Conclusions

In conclusion, our study demonstrates that butein inhibits breast cancer growth through reducing ROS level and AKT phosphorylation. Therefore, our finding provides better knowledge for butein effect on breast cancer and also suggests its treatment option. Meanwhile, we failed to find a synergistic effect of butein with one of chemotherapeutics, doxorubicin (data not shown). However, as herbal medicines are widely used to prevent or to treat diseases including cancer, it is worth finding a synergism between butein and anti-cancer drugs already known. Synergistic effects are expected to reduce adverse effects of anti-cancer drugs. In addition, our study suggests that ROS level is likely to determine characteristics of HER2+ breast cancer cells, while these are yet defined clearly. Therefore, this finding is also expected to improve our knowledge for ROS biology especially in breast cancer.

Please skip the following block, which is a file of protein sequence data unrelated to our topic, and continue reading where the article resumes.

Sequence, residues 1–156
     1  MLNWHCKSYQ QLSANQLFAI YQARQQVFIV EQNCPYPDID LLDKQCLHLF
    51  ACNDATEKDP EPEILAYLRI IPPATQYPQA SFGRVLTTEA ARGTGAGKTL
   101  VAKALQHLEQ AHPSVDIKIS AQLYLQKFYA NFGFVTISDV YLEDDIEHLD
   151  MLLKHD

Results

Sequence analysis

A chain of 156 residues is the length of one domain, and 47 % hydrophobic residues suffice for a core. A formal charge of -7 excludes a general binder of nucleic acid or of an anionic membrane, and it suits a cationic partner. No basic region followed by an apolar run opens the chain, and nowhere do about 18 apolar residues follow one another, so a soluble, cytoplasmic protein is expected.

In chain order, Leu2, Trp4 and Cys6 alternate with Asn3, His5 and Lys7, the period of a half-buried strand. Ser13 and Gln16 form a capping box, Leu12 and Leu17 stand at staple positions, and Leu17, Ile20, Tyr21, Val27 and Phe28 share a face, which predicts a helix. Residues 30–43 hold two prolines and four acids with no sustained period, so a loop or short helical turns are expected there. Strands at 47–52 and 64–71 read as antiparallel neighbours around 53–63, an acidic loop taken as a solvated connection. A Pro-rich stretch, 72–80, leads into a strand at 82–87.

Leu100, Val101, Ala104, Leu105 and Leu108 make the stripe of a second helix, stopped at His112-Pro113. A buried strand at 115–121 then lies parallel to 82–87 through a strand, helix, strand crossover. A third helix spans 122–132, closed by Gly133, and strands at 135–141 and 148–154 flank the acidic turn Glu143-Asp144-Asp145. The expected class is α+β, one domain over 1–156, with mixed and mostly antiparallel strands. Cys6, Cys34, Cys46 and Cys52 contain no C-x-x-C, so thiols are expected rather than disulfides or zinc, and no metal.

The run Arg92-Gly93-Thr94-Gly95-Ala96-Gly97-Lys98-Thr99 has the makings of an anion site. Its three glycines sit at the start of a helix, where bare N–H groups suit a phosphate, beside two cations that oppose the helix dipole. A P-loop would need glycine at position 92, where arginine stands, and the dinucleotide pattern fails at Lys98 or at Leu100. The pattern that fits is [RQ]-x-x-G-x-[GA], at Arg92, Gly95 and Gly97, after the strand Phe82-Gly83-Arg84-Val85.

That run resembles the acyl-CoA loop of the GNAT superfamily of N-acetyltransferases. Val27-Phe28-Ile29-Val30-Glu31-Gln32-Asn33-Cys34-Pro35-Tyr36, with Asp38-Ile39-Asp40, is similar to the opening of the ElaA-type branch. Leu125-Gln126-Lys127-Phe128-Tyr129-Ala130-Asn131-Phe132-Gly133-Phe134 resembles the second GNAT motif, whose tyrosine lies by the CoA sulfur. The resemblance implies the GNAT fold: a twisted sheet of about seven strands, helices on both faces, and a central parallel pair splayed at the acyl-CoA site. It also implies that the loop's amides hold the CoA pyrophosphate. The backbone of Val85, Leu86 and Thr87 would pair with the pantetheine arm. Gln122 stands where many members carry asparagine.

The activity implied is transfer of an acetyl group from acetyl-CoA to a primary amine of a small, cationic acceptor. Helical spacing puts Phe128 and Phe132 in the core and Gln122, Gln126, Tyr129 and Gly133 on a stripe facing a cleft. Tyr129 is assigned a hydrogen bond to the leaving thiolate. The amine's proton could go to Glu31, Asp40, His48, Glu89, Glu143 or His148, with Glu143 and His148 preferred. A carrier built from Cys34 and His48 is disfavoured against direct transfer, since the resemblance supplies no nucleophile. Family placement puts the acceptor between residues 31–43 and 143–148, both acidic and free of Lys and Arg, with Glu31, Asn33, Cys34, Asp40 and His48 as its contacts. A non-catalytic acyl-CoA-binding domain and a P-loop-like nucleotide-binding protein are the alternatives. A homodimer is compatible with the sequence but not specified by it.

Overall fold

Declarations

Acknowledgements

This work was supported by a grant from Korean Medicine R&D project of the Ministry of Health and Welfare (B110043).

Authors’ Affiliations

(1)
Department of Preventive Medicine, College of Korean Medicine, Kyung Hee University

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This article is published under license to BioMed Central Ltd. This is an Open Access article distributed under the terms of the Creative Commons Attribution License (http://creativecommons.org/licenses/by/4.0), which permits unrestricted use, distribution, and reproduction in any medium, provided the original work is properly credited. The Creative Commons Public Domain Dedication waiver (http://creativecommons.org/publicdomain/zero/1.0/) applies to the data made available in this article, unless otherwise stated.